There can be no doubt that UK domestic tourism is enjoying something of a renaissance. The great British countryside is back in vogue, and holiday parks, as a result, have become an exciting asset class for real estate investors seeking a combination of capital growth and income. On a risk-adjusted basis, research conducted by M&G Real Estate shows that, over the past 25-years, the leisure sector ranked second against all other asset classes regarding average annual excess returns. It also ranked amongst the lowest regarding annual volatility.
There is little prospect of that changing dramatically in the near-term, regardless of whether or not Britain votes to remain as part of the European Union. Writing in a recent Sunday Times Magazine article, AA Gill described the impact of nostalgia as a driving force behind the Leave campaign, a nation longing for a return to some bygone era of ‘Elgar and fudge and proper weather.’ But domestic tourism has come a long way from the caravan parks of yesteryear as featured in the Carry On films. Many UK holiday parks offer luxurious Alpine-style lodge accommodation, with hot tubs on the decks and on-site spa retreats to boot. Gone even are the days of icy cold shower blocks; the noun ‘glamping’ has appeared in the Oxford English dictionary since 2013.
Irrespective of external macro factors, the UK has become an attractive holiday destination in its right. This is true not only for the older demographic; the millennial generation are domestic holiday makers too. In spite of globalisation and cosmopolitanism, research has indicated that close to 50% of people purchasing their first holiday home in the UK are aged between 26 and 35. Given the current prohibitively high costs of residential property ownership for first-time buyers, it would be easy to assume that this is solely down to financial considerations. However a recent survey conducted by VisitEngland, the official national tourist board, suggests that financial matters rank behind attractiveness when selecting holiday destinations.
TravelZoo, which conducted this study, revealed that 27% of bookings for Briton’s main summer holiday in 2016 were for domestic trips, making the UK a more popular destination than Spain, France, Italy and the USA. It’s clear therefore that the attraction of England is a bigger driver than finances, which would suggest that the ‘staycation’ trend is here to stay.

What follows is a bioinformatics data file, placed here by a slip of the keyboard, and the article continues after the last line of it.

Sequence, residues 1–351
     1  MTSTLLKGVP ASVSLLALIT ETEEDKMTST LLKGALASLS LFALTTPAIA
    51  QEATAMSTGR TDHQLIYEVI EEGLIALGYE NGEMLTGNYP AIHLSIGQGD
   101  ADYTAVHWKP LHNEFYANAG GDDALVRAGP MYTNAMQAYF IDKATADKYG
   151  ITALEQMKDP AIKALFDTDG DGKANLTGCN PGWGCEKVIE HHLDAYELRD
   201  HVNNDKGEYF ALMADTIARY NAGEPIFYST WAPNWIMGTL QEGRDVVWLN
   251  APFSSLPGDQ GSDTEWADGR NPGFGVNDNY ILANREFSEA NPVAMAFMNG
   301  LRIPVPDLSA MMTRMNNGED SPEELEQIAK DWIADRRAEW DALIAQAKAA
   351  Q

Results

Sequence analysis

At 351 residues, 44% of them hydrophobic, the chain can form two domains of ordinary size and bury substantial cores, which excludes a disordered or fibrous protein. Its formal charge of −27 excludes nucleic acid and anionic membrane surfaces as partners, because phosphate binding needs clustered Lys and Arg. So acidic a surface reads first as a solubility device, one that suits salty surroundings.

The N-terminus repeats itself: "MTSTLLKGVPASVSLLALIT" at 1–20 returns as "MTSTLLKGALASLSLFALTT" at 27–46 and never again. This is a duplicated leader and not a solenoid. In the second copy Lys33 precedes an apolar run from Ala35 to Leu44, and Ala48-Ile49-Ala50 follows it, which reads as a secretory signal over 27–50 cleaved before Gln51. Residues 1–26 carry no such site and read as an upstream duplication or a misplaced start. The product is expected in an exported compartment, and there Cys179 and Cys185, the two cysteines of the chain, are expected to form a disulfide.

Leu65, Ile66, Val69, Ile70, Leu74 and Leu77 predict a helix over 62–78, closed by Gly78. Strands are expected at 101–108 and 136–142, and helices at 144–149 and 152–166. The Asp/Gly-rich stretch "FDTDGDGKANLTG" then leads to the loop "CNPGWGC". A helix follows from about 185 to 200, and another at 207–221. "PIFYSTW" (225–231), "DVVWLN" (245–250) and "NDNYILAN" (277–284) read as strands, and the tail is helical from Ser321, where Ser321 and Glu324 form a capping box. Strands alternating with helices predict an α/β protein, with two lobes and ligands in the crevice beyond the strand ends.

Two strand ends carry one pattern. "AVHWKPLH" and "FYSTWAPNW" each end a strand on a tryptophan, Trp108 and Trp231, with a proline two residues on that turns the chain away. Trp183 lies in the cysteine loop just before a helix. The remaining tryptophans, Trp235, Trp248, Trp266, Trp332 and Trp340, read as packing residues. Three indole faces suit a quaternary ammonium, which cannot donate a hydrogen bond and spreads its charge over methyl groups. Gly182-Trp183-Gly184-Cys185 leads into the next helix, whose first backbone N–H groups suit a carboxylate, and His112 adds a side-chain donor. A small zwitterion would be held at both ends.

The good news is that financial incentives are possibly likely to improve in the event of a vote to leave the EU, and remain on a continued upward trend under the status quo. UK Treasury’s prediction of at least a 12% drop in the value of the pound in the event of Brexit could make overseas travel for UK consumers more expensive, by reducing purchasing power and squeezing holiday budgets. Conversely, inbound travel from the USA and Europe, who respectively make up 30% and 19% of UK holiday park visitors, could benefit from a lower rate in sterling.
At the same time, any currency weakness can be expected to lead, in due course, to inflation and rising interest rates. In turn, this would result in falling total returns for real estate investors. The relative benefits of investing in holiday park real estate in such an environment would be twofold: first, a good proportion of income is derived from ground rents and amenity license fees which are RPI-linked, and, secondly, new lodge purchases often come with a guaranteed annual return for the first three years of between 8-10%. If that’s not enough, there is the added kicker of no stamp duty to pay.
Clearly it’s not all champagne and roses: there are risks inherent to Brexit, the most pertinent being the fact that consequences remain hugely uncertain. At the annual results presentation of Land Securities Group plc last month, Rob Noel – Chief Executive Officer of the UK’s largest commercial property developer and investor – observed that
“We’re facing a period of greatly enhanced economic and political risk.”
Uncertainty is never well received by the investment community. It’s conceivable that a decision to leave the EU would cause households to delay investment decisions, causing sales of new lodges at holiday parks to stall. There is also the impact of increased costs for hired staff, given the fact that a large portion of the casual workforce is currently made up of migrants, and potentially more expensive build costs associated with the lack of low-cost foreign manual labour.
This is, however, a long away from the ‘damned if you do, damned if you don’t’ scenario many analysts and commentators have been prescribing for the general economy. More than one has resorted to quoting The Clash: ‘should I stay or should I go now? If I go there will be trouble, and if I stay it will be double’. But for the UK holiday park industry, and domestic tourism more broadly, neither outcome should be expected to materially disrupt the positive momentum driving increasing numbers of visitors and growing opportunities for investment.
Media coverage regarding the potential implications of Brexit has been unhelpful. It’s evident that both the Leave and Remain campaigns have been guilty of hyperbole. Whatever the outcome, both retail and institutional investors can be cautiously optimistic in the face of continued tailwinds for the UK holiday park industry, which is likely to remain largely unaffected by the vote on 23rd June. After all, Blake’s ‘green and pleasant land’, the very same ‘pastoral landscape’ which inspired in Wordsworth ‘a sense sublime / Of something far more deeply interfused’, will still be here – whether “in” or “out”.